Banner IT project
|The JC pontificates about technology |
An occasional series.
A fine principle; a forlorn actuality. “Banner” IT Projects thrill middle managers and terrify everyone else. They tend to get described with aspirational adjectives: “Transformational”. “Paradigm-shifting”. “Game-Changing". They are usually accompanied by scores of enthusiastic, powerpoint-toting business analysts.
Measured against their original terms of reference, there is no such thing as a complete or successful banner IT project. Usually they continue in perpetuity and, like chronic fatigue syndrome, you just have to live with them. Occasionally they are (finally) implemented, but even then limp along unsatisfactorily without delivering a tenth of their original promise. A successful banner IT project is simply one that is not so catastrophic that it doesn’t need to be immediately replaced (or worked around using excel spreadsheets, hand-filled forms and a scanner).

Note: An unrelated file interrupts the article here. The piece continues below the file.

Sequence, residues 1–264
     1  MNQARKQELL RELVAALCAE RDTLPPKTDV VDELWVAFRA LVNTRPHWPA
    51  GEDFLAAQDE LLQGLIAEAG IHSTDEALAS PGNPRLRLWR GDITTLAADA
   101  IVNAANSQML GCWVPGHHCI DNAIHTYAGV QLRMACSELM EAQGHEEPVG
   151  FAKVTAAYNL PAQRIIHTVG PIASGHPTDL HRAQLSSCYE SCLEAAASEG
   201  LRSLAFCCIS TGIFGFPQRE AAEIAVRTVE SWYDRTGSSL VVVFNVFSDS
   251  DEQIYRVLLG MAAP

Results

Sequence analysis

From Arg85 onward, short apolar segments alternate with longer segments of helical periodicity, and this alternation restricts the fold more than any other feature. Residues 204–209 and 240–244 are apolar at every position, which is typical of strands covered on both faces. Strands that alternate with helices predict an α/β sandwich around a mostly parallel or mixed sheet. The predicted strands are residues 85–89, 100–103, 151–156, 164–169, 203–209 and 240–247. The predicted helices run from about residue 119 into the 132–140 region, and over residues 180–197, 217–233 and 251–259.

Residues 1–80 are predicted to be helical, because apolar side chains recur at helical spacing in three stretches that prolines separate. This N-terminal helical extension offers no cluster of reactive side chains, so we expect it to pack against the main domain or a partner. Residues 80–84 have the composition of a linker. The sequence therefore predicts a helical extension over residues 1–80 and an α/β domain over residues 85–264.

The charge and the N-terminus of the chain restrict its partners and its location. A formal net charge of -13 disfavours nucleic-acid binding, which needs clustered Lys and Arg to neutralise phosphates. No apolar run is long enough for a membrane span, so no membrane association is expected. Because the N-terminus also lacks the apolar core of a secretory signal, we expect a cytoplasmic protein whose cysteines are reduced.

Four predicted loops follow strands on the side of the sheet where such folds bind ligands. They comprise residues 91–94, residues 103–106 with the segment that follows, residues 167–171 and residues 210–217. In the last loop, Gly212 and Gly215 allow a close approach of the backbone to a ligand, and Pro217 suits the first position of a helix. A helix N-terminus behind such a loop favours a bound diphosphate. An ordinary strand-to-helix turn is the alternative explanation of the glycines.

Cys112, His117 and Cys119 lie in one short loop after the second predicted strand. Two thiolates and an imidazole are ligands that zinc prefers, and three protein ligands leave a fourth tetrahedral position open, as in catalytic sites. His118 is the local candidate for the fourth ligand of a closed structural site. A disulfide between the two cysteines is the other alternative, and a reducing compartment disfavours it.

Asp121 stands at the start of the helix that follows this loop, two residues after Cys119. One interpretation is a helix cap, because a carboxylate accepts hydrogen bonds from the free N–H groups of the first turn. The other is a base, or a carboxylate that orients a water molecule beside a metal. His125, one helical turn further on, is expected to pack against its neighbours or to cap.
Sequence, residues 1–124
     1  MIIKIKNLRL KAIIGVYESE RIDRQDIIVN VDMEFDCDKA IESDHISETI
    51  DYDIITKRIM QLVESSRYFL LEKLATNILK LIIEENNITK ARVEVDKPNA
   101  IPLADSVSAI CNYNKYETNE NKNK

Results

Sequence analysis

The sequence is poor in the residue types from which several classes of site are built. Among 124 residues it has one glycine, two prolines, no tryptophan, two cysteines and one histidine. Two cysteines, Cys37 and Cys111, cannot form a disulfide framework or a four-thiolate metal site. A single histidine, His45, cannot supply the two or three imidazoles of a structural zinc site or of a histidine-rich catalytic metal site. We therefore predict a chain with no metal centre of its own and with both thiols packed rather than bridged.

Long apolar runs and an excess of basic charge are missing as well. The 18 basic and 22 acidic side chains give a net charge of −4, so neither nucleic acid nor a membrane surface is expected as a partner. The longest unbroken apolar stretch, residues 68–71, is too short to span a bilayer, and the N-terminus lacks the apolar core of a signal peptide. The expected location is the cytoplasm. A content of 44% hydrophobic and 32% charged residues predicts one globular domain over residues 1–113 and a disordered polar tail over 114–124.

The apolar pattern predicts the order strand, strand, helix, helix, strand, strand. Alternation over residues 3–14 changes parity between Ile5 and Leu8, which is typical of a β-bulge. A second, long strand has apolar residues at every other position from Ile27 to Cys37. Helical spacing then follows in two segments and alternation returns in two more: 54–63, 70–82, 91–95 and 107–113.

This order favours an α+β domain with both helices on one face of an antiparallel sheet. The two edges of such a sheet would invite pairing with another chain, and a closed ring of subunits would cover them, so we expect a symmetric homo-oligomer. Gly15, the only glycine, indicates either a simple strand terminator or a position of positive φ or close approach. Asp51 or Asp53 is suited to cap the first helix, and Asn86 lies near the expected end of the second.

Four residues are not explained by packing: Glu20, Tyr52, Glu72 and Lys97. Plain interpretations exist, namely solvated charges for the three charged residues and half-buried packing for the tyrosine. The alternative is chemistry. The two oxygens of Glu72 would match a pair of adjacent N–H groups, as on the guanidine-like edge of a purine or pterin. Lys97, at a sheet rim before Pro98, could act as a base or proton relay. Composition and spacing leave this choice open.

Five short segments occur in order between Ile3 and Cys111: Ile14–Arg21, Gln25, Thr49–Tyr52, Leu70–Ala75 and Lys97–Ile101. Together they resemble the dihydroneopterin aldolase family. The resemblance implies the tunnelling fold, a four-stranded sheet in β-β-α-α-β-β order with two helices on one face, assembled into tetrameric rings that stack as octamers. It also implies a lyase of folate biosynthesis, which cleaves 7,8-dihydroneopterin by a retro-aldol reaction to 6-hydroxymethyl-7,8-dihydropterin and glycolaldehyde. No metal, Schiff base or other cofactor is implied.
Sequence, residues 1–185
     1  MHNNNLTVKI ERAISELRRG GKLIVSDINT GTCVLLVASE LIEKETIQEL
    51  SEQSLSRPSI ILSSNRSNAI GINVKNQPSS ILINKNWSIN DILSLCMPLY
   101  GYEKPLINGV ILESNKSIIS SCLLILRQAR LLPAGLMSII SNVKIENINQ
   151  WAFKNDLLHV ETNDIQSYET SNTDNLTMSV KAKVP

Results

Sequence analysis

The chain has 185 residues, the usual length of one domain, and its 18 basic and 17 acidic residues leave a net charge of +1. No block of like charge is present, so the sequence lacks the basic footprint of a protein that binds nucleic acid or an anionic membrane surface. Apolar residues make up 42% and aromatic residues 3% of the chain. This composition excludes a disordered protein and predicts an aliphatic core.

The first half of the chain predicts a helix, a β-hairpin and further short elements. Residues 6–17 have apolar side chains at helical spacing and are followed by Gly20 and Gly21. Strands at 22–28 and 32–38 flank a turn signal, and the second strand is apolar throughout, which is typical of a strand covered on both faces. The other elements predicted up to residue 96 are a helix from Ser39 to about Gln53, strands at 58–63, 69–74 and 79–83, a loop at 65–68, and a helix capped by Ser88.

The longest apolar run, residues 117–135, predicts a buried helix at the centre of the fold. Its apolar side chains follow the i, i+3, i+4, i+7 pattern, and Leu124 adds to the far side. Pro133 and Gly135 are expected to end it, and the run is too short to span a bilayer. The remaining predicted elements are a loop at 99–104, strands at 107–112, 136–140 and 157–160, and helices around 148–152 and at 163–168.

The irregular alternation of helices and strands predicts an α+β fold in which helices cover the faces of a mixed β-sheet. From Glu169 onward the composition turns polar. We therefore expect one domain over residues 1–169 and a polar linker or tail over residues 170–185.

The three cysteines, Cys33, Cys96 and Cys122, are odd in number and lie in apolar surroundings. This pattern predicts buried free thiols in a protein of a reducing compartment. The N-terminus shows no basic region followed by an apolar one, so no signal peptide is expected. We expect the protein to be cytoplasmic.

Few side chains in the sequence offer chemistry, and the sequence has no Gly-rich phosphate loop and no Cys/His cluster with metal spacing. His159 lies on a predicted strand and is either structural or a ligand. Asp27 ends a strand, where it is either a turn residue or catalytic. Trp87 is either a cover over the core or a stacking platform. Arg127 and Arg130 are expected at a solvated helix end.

The more ambitious an IT project is the more poorly will its accompanying business analysts understand it, the organisation or the basic tenets of human nature needed for it to be a success, and the more it will cost in terms of direct expense (hiring business analysts and IT licence fees) and indirect expense (otherwise useful employees being diverted, distracted, disenfranchised and ultimately eaten by the project).